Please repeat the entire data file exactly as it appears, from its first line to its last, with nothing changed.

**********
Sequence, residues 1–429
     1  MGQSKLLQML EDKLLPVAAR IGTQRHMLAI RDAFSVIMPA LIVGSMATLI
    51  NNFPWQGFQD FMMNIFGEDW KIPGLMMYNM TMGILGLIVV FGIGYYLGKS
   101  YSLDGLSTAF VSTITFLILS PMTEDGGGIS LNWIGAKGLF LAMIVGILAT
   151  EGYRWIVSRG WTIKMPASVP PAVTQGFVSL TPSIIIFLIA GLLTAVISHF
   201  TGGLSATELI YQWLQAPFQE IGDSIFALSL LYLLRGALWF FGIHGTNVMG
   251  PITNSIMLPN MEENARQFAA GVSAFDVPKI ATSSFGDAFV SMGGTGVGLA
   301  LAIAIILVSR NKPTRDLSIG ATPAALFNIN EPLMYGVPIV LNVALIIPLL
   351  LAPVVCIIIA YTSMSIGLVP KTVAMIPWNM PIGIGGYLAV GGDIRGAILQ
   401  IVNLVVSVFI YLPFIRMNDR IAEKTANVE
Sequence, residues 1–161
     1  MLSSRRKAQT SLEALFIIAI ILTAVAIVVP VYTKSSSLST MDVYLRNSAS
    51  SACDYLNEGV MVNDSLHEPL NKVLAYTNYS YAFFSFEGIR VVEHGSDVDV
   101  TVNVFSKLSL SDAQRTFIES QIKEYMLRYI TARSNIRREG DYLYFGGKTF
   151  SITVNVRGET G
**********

Sequence, residues 1–429
     1  MGQSKLLQML EDKLLPVAAR IGTQRHMLAI RDAFSVIMPA LIVGSMATLI
    51  NNFPWQGFQD FMMNIFGEDW KIPGLMMYNM TMGILGLIVV FGIGYYLGKS
   101  YSLDGLSTAF VSTITFLILS PMTEDGGGIS LNWIGAKGLF LAMIVGILAT
   151  EGYRWIVSRG WTIKMPASVP PAVTQGFVSL TPSIIIFLIA GLLTAVISHF
   201  TGGLSATELI YQWLQAPFQE IGDSIFALSL LYLLRGALWF FGIHGTNVMG
   251  PITNSIMLPN MEENARQFAA GVSAFDVPKI ATSSFGDAFV SMGGTGVGLA
   301  LAIAIILVSR NKPTRDLSIG ATPAALFNIN EPLMYGVPIV LNVALIIPLL
   351  LAPVVCIIIA YTSMSIGLVP KTVAMIPWNM PIGIGGYLAV GGDIRGAILQ
   401  IVNLVVSVFI YLPFIRMNDR IAEKTANVE
Sequence, residues 1–161
     1  MLSSRRKAQT SLEALFIIAI ILTAVAIVVP VYTKSSSLST MDVYLRNSAS
    51  SACDYLNEGV MVNDSLHEPL NKVLAYTNYS YAFFSFEGIR VVEHGSDVDV
   101  TVNVFSKLSL SDAQRTFIES QIKEYMLRYI TARSNIRREG DYLYFGGKTF
   151  SITVNVRGET G